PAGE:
WiFi Goes WiMax
The firms are the latest WLAN vendors to start examining how some of the myriad technologies developed around WiFi can be applied to the metropolitan area WiMax specification.
Symbol says that by joining the WiMax Forum, it will expand "open-standard-based wireless networking for metropolitan-area outdoor mobility applications." WLAN switch rivals such as Airespace Inc. have already joined the forum.
Symbol was one of the first wireless LAN vendors to develop an architecture for centralizing, securing, and managing wireless LAN networks (see Symbol's Cisco Killer?).
Some attendees at the Light Reading Live "Wireless LANs: Business Plans" event in Boston on Tuesday suggested that vendors will need to develop similar centralized management platforms for WiMax, while also taking into account the billing and service-level needs of carriers and ISPs (see WiMax Switching Ahoy?).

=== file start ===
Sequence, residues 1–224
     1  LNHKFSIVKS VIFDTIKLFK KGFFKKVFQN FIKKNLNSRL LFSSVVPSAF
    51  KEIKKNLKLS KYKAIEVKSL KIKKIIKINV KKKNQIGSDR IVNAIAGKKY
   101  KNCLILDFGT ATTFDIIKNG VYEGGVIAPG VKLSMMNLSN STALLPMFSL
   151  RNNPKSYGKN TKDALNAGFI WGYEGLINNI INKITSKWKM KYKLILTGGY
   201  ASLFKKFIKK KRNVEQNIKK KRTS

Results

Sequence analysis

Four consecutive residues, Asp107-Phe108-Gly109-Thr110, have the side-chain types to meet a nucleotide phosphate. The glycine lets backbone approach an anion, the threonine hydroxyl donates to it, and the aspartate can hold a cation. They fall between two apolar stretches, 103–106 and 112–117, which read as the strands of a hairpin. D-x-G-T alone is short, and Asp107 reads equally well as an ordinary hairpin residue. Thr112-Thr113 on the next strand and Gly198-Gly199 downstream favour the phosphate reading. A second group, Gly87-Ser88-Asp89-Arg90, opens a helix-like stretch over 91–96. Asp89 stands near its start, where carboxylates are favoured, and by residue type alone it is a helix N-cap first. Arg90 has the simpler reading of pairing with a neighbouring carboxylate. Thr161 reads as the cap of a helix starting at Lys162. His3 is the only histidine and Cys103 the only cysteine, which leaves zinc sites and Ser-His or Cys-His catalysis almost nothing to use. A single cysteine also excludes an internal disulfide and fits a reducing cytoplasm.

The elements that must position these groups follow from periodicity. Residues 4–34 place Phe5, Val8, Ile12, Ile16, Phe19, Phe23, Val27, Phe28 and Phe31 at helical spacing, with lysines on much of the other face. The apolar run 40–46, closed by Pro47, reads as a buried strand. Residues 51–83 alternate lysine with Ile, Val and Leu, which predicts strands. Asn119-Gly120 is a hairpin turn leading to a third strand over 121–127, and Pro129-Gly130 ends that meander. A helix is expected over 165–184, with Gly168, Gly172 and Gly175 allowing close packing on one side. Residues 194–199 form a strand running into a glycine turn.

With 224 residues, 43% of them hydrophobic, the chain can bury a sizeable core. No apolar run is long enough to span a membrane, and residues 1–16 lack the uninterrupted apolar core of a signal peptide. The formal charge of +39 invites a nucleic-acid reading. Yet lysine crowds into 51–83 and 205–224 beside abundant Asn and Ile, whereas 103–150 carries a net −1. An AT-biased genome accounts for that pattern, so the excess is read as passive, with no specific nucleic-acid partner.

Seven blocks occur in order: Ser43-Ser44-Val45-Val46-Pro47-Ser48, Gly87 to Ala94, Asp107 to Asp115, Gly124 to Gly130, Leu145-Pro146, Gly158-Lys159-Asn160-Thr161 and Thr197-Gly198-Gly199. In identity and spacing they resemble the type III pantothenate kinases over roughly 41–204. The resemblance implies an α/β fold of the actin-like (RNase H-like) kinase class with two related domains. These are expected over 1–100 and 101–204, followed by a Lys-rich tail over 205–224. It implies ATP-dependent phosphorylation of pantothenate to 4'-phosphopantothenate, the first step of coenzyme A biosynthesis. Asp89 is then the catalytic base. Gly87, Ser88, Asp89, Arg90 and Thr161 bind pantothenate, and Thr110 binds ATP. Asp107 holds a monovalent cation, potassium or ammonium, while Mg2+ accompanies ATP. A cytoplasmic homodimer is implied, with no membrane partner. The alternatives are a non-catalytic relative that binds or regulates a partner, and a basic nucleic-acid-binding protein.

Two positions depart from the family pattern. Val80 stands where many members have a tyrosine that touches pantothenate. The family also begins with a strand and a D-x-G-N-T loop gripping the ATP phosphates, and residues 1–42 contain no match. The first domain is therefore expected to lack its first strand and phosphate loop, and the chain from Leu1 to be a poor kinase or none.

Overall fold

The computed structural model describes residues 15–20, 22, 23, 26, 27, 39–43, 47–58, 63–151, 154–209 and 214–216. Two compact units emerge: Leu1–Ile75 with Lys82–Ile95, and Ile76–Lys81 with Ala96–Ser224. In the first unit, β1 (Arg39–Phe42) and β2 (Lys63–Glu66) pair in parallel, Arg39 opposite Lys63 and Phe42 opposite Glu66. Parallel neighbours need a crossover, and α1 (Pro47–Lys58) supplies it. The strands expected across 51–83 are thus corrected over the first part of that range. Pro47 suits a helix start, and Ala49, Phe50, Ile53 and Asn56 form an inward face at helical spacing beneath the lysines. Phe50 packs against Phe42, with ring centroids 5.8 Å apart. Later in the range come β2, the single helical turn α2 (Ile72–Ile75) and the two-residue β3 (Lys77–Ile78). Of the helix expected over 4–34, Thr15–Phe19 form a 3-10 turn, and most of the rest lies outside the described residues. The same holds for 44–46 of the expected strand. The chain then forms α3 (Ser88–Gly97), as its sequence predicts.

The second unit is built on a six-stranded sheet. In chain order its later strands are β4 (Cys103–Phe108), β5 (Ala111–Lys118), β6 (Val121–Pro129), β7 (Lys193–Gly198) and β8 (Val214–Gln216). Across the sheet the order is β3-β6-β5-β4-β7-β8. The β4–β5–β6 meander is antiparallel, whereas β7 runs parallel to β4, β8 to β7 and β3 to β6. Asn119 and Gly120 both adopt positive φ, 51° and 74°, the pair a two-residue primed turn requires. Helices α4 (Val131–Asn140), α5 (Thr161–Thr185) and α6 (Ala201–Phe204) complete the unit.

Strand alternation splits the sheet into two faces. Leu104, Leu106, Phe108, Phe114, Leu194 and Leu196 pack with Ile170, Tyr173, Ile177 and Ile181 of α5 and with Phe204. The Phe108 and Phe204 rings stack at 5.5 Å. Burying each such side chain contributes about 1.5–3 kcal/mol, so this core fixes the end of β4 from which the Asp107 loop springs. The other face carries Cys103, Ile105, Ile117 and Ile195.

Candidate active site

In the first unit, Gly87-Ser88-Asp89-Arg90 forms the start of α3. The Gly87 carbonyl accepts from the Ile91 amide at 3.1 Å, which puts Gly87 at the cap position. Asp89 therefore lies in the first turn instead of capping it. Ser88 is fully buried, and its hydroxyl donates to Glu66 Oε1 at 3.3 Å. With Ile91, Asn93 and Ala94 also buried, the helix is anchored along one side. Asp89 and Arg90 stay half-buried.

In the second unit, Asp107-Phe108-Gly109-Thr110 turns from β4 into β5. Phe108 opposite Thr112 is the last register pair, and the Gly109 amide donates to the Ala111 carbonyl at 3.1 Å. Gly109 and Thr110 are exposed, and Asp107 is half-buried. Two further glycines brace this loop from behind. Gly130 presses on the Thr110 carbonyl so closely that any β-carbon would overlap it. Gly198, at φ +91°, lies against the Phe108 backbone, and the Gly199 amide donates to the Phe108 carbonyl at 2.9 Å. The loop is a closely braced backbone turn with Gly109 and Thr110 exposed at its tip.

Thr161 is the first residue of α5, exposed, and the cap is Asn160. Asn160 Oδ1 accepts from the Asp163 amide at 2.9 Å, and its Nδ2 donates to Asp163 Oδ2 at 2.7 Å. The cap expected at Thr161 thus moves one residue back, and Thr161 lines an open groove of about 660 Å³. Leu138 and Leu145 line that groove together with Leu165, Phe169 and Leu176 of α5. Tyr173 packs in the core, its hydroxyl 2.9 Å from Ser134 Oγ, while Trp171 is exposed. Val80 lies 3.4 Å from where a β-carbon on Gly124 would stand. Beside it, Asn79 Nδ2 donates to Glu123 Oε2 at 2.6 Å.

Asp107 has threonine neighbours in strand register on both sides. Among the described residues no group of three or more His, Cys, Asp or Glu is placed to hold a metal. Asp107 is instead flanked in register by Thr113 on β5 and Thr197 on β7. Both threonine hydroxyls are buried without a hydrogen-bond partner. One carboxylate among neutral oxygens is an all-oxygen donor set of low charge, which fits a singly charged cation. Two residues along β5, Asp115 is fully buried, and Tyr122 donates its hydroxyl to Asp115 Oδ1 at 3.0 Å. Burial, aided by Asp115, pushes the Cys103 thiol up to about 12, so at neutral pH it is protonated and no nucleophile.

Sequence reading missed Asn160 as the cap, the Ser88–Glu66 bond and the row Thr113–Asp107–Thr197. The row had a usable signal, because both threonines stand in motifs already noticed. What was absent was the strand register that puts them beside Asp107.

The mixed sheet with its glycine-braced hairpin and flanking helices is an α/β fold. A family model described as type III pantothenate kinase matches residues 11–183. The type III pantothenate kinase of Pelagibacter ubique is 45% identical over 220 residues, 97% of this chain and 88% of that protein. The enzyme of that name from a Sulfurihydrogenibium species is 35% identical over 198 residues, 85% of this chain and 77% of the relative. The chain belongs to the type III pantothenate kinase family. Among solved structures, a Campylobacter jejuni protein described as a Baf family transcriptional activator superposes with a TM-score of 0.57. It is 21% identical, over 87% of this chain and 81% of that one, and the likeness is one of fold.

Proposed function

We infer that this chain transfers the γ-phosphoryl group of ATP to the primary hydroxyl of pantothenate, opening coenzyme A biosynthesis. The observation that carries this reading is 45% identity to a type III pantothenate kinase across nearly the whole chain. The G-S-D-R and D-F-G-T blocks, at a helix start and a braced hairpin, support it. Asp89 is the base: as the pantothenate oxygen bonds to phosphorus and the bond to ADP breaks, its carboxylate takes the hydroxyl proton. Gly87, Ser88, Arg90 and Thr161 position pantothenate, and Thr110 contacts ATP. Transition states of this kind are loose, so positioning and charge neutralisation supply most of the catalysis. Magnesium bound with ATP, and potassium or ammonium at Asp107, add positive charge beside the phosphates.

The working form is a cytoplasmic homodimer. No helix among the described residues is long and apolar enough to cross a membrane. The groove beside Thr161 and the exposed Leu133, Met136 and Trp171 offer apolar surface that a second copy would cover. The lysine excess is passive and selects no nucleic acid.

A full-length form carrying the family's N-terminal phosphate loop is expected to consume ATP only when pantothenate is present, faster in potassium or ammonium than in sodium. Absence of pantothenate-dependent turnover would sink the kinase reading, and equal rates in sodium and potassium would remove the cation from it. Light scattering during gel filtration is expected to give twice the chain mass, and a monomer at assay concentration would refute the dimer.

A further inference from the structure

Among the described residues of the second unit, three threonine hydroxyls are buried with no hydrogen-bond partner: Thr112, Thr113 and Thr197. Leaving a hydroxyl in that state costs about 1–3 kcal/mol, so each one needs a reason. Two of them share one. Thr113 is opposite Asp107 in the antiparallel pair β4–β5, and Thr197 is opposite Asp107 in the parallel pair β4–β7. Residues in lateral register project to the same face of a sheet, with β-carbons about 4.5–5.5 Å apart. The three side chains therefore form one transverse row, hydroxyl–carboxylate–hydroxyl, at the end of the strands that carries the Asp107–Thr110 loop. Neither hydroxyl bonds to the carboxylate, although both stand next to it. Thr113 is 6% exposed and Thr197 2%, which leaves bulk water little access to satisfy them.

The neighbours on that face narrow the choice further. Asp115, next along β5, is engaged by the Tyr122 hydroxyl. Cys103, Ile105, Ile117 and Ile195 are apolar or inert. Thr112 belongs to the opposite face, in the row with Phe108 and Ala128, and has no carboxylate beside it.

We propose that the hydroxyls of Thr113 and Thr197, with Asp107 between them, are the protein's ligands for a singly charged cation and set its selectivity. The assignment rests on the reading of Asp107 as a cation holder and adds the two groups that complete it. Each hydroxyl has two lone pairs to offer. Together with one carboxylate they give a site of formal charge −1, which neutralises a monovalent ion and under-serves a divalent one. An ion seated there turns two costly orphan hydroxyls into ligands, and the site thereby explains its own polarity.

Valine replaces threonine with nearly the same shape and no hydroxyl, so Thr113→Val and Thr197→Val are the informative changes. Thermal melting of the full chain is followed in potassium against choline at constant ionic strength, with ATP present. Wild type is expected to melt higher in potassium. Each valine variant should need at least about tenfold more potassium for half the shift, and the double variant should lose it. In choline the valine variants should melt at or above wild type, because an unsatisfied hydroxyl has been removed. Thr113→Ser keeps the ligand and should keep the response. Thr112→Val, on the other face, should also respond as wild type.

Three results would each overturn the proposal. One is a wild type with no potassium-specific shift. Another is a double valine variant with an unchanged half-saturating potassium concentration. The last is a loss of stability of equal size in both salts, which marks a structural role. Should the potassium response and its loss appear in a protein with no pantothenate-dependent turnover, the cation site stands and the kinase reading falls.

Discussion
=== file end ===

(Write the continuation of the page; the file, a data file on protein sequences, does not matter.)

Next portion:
Colubris Networks Inc. is already looking at DSL applications for WiMax, even before its membership in the WiMax Forum becomes official (see Colubris's WiMax CliMax).
Meanwhile, metro-area WLAN mesh networker Tropos says it could use WiMax for wireless backhaul connections for its meshed wireless LAN hotspots, although the company is not making any product roadmaps official yet and is examining several potential applications.
Tropos's rival startup BelAir Networks is also looking at WiMax for backhaul applications.
"We're just waiting for the [802.16d] chips," Phil Belanger, VP of marketing at BelAir told Unstrung recently.
— Dan Jones, Site Editor, Unstrung